Editorial License

Rob Hammerton, music educator etc.

Take a Cup of Kindness -or- 2018, Your Performance Review is Today

Because I marinate in politics (news roundups, editorials, podcasts, the shootin’ works), I could very easily think that 2018 had been a ridiculous, corrupt, are-we-in-the-Matrix-or-something?, disaster of a year.

But if I just look over this way … perhaps a different story.

[] This year, my church gig is full (to overflowing) of interested and available brass and woodwind and string and guitarhead folks … not to mention a choir that became increasingly affable and chuckly as 2018 progressed. Not to be taken for granted.

[] This year, my work situation … well, let’s just say: not long after the date of the company holiday party was announced, more than one person asked me, “so, is your Mom coming to the party again this year?” — genuinely, without a shred of snark. Not to be taken for granted.

[] This year, in both of the aforementioned arenas, I work for grand and decent (manager-type) people. NOT to be taken for granted.

[] This year, I celebrated my 20th summer of (1) helping to make some quality children’s theatre happen, and (2) helping to teach drum majors how to flap their arms and such. In both cases, I feel like I’ve received far more benefit than I’ve offered. Great times had, great friends made. In a world where nothing lasts forever, these are a couple of activities which I’m starting to mindfully NOT take for granted, in the moments when I’m participating in them.

[] This year, two of the college marching bands with whom I am pleased to be associated in some way made themselves a big ol’ splash in Major Holiday Parades On Live Television this past year. One was celebrating Roses, and the other was celebrating … well, Deep-Frozen Philly Cheese Steak, I suppose.

[] This year, the good people who host my professional website and my blog have not closed either operation down for utter embarrassing lack of activity, even though they definitely should have. (At least the blog don’t cost money!)

[] This year, the house has not sprung a leak. The car has not pooped out. NOT to be taken for granted.

[] I have grand and glorious friends, both newly-made and lifelong. My social media feed is the sort that more people ought to have … calm, cool, collected, and thoughtful. (I do need to see more of them live and in-person, though. So, a New Year’s Resolution.)

[] Number One Niece and Nephew continue to become the kind of people who make a fella thrilled to be the Uncle. Talented, hard-working, smaht … and very, VERY funny.

[] Number One Sister remains the kind of sister you want to have. And I’m one of the lucky folks in the world who thinks that Number One Brother-in-Law is indeed Number One.

[] Mom’s still making a very strong case for Most Agile Octogenarian, and still has not only all her marbles but a few other people’s as well.

[] Oh, and a couple of projects began to develop this year that I will talk about some other time, when it’s appropriate. Vaguebooking is alive and well.

So, at least within my little echo-chamber-y bubble: this year, plenty good stuff, after all.

I do freely admit that as a straight white male, my in-built privilege makes it that much easier to think that life is that much easier. I may well be the last demographic that they come for.

Outside my bubble, there’s still a huge amount of work to do, before life is made that much easier for a great many people in the world. So … time to go get after it in 2019.

But worthwhile to recognize what’s going well, and try to amplify it. Hope you can say some version of the same, in this clearly insane world.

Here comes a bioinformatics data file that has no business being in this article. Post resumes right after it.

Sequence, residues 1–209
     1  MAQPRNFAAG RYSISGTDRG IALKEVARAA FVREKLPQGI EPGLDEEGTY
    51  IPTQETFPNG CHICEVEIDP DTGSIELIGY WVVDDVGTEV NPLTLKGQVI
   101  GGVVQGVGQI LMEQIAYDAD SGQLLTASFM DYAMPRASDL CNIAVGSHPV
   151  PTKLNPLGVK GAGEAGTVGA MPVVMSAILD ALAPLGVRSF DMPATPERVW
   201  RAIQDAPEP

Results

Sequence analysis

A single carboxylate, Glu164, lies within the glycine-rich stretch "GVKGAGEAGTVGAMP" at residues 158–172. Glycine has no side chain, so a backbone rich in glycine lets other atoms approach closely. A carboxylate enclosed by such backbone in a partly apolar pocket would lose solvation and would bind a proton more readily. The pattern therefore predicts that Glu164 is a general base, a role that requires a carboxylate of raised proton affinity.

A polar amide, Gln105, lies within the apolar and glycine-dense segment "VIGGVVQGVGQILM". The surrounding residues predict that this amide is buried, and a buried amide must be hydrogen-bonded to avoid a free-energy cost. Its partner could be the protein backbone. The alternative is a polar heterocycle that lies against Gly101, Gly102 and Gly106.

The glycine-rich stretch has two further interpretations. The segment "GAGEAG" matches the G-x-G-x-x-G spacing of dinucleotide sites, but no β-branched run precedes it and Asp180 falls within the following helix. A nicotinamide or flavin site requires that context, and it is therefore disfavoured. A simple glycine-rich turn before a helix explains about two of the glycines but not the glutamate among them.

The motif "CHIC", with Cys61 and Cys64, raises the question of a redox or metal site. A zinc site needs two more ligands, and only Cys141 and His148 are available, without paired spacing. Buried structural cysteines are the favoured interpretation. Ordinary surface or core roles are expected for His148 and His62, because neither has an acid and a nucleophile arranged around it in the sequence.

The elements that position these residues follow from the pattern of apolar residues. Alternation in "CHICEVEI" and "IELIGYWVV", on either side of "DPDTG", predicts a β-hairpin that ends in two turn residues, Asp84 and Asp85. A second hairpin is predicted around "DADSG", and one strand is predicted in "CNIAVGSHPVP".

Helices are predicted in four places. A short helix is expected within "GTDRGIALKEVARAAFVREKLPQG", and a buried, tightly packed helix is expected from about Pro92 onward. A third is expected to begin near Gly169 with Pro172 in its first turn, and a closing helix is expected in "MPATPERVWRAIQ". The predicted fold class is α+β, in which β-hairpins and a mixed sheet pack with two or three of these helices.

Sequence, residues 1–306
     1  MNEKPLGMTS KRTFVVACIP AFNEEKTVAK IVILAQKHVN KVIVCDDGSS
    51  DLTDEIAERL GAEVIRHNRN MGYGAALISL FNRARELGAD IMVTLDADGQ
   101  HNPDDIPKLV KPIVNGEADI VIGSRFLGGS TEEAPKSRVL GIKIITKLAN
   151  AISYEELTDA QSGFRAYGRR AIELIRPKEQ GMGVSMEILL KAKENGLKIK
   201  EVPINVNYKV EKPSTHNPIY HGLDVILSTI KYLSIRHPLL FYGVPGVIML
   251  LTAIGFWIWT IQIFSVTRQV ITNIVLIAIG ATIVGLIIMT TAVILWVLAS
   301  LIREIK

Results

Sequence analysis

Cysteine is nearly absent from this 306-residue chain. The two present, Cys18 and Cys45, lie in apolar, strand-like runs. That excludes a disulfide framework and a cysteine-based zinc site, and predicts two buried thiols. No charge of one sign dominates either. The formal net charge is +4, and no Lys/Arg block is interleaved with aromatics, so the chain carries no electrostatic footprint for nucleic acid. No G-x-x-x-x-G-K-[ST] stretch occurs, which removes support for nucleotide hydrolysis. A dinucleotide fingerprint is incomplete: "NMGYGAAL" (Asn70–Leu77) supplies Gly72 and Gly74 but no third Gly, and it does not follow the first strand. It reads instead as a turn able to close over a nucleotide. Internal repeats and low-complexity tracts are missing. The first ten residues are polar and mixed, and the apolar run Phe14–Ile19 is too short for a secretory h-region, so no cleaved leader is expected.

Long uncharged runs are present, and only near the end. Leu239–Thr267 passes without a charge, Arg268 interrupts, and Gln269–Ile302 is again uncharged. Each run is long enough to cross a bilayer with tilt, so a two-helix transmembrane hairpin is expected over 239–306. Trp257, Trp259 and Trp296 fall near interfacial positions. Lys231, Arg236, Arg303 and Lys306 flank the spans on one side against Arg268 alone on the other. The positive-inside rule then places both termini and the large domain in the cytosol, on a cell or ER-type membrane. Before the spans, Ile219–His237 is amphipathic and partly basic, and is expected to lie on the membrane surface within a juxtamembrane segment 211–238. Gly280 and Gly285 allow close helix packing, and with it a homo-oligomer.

As the good Col. Potter said: “Here’s to the new year. May she be a damn sight better than the old one, and may we all be home before she’s over.”

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January 1, 2019 Posted by | current events | , , , | Leave a comment

Send A Message

[Ed. Note: I published this on my Facebook page tonight. I’ve heard too many cable-TV-news pundits gleefully point to polls which suggest that only a small percentage of young Americans will actually vote in the midterm elections tomorrow. I’d like to hope – after Parkland, after Kavanaugh, after children in cages, after a host of awful current events that seemed to awaken a great many American high-school and college students, over the last two years – that there are indeed a great wave of new voters who will end-run the corporate media’s bleatings and the various pollsters that only contact landline-based Americans, and give American representative government a well-deserved kick in the rear. May it be so.

[So here’s that Facebook piece, which I wrote while thinking of all the fine folks who have been students at the public schools and colleges and drum major clinics where I’ve taught, all of whom I’ve been able to watch, via social media, turn into people whom I’d trust to run this country.]

 

All right, my fine FB younger friends — a legion of wonderful people with whom I’ve had the pleasure of sharing a music classroom, or a rehearsal stage, or a high school or college football field, or a DMA parking lot: pull up a chair while I do my Wise Old Sage Of The Desert act.

I beg you. I mean it: I beg you — prove the pundits wrong tomorrow. There are people who go on the TV and pontificate because they’re paid to convince you that they know something about the world, who say that only a handful of young voters will actually engage in the political process. MAKE THEM EAT THEIR WORDS.

Forgive me, but I don’t think it’s hyperbole to suggest that tomorrow’s election — at the all levels, federal, state and local — boils down to a very simple idea:

Empathy vs. selfishness.

Regarding virtually every important issue facing our country right now — climate change, health care, gun violence, public education, women’s health and rights, rights of people of color, LGBTQ and transgender rights, freedom of (or from) religion, immigration (CHILDREN ARE STILL IN CAGES), the Supreme Court, simple human decency, and oh by the way Congressional oversight of this corrupt bunch of pirates masquerading as an executive branch …

… the current Congressional majority and many Republican-held state legislatures have consistently and repeatedly demonstrated BY THEIR ACTIONS an utter lack of human decency and empathy.

So vote them out tomorrow (if you haven’t early-voted already). Vote in such overwhelming numbers that Russian meddlers won’t matter, that voter-suppression schemes won’t matter, that the corporate media’s obsession with pretending that “both sides are equally horrible” … JUST WON’T MATTER.